The initial appearance of the head feathers can be quite startling if you have never witnessed a molt. The Gouldian will appear to have tiny little white things, even resembling some sort of insect larva hanging from its head feathers.
A closer look reveals the amazingly thin little tubes that contain the new feathers. These tubes are called pinfeathers. They will appear almost full length before something causes them to break and to reveal the unfolding feather contained inside.
Some times there can be an abnormal molt in which the new feathers are lacking in spots. A bird may have a difficult or delayed period for replacing the feathers.
This is called an abnormal molt and can be caused by a number of things. Almost every problem that could possible befall our Lady Gouldians, is blamed on nutrient deficiencies.
This is not always the case. Extreme or abrupt environmental condition changes, mite, lice, diseases, fear, shock, or the malfunctioning of the thyroid gland can be considered to disrupt a normal molt and sometimes bad things just happen.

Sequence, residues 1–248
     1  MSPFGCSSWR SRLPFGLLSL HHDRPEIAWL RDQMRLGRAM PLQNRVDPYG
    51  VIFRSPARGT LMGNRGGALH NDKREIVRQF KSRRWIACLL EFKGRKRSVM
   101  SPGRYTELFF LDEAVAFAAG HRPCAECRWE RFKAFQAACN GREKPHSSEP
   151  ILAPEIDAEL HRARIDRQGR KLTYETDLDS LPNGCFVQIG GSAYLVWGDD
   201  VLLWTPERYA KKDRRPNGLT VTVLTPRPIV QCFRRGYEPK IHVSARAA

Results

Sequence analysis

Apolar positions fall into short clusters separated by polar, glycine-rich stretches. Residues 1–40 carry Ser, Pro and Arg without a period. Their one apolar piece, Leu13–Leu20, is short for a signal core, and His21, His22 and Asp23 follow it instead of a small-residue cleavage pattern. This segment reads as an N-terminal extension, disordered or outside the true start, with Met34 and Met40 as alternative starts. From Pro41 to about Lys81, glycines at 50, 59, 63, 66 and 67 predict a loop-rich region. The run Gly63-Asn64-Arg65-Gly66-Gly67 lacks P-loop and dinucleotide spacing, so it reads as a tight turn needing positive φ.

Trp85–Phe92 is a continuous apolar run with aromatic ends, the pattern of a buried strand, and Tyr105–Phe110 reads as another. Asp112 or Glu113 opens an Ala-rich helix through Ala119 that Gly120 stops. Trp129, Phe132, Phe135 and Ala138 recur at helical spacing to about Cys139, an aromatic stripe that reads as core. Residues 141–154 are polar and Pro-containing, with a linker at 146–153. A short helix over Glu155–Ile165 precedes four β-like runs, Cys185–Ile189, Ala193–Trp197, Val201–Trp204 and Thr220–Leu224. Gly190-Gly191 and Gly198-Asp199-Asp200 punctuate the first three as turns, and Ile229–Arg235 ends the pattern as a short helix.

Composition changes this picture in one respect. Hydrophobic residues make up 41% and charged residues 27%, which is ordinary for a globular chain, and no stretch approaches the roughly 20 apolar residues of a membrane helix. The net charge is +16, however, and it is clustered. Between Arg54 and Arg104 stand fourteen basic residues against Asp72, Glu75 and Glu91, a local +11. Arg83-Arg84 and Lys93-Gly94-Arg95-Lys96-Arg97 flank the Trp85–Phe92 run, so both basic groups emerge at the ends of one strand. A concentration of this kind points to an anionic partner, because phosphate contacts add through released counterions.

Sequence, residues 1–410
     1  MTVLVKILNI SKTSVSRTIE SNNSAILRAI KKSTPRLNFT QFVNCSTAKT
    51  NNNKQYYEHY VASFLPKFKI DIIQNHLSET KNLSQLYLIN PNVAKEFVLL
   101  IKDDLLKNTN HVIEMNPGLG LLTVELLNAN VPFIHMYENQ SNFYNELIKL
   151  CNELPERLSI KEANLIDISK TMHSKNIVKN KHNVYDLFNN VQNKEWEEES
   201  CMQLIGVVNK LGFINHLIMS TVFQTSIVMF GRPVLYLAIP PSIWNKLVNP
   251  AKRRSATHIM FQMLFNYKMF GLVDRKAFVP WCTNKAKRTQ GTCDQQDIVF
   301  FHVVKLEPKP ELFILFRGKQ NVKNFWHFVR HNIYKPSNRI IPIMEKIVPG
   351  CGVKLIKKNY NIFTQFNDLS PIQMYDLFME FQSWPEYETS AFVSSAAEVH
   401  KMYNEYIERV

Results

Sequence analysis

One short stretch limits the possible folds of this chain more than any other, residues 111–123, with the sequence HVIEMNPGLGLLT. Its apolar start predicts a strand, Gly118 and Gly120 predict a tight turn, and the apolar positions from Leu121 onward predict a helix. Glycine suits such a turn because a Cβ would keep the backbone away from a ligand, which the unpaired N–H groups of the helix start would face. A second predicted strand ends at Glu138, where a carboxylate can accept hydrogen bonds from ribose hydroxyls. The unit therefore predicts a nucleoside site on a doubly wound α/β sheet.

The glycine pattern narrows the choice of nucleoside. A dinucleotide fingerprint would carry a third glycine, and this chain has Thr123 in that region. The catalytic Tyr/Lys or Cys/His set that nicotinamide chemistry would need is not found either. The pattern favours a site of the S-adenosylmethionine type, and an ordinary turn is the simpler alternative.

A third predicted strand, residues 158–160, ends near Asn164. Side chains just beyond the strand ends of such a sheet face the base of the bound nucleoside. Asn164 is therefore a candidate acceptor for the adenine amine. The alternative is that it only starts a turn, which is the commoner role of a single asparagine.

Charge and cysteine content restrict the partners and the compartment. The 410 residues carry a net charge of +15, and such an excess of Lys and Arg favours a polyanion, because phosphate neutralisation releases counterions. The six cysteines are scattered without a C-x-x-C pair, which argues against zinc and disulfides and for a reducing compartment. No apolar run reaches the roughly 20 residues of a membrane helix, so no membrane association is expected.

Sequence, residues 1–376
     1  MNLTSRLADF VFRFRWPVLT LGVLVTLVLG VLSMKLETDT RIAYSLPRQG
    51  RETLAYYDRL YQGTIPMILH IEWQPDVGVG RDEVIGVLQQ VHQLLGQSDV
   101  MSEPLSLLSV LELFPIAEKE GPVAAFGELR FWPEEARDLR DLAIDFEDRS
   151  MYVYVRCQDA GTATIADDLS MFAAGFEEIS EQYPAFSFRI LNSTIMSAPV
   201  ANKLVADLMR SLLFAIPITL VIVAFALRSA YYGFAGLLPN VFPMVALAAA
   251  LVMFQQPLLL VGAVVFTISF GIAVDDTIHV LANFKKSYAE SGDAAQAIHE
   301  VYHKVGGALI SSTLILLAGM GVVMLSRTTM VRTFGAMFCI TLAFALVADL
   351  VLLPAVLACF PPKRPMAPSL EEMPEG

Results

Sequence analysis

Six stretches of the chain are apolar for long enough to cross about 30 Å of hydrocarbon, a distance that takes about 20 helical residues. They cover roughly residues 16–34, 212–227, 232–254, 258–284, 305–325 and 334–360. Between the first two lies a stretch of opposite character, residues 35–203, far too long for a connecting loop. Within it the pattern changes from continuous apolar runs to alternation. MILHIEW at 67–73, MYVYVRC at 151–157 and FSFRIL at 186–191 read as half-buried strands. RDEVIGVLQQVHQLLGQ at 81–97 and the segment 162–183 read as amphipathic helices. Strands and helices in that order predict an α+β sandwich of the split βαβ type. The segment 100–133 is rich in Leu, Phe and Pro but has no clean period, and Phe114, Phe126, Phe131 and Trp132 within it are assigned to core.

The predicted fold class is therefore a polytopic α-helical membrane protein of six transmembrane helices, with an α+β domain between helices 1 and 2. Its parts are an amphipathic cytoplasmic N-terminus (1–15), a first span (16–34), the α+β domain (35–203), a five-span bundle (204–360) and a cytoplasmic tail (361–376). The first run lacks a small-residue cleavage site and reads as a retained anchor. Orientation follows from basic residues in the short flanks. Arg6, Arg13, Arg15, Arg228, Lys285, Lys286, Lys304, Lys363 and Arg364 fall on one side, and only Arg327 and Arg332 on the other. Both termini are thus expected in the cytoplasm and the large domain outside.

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EDITORS NOTES - FAQ:
Baby finches left alone for the night
by Anna (Rumson,NJ)
I have society finches that fostering 3 gouldians, they about 11 days old and tonight for the first time they been left alone for the night.
Is that ok?? Will they be fine??
I hope that their foster parents will keep feading them tomorrow.
Yes, the chicks should be old enough to go without being fed during the night.
Sounds as though the Societies are doing what they do best for you and your chicks.
Thank you for reading my newsletter, I will try to make sure all editions are informative and helpful to you and your Gouldians!
Let me know if there are any topics you would like me to cover in the newsletter, and I’ll try to oblige.
Remember also that you can post your questions direct online at: Gouldian Finch FAQ where you can also read my answers to other questions.
Jeanie FergusonHOME PAGE
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MD 21146, USA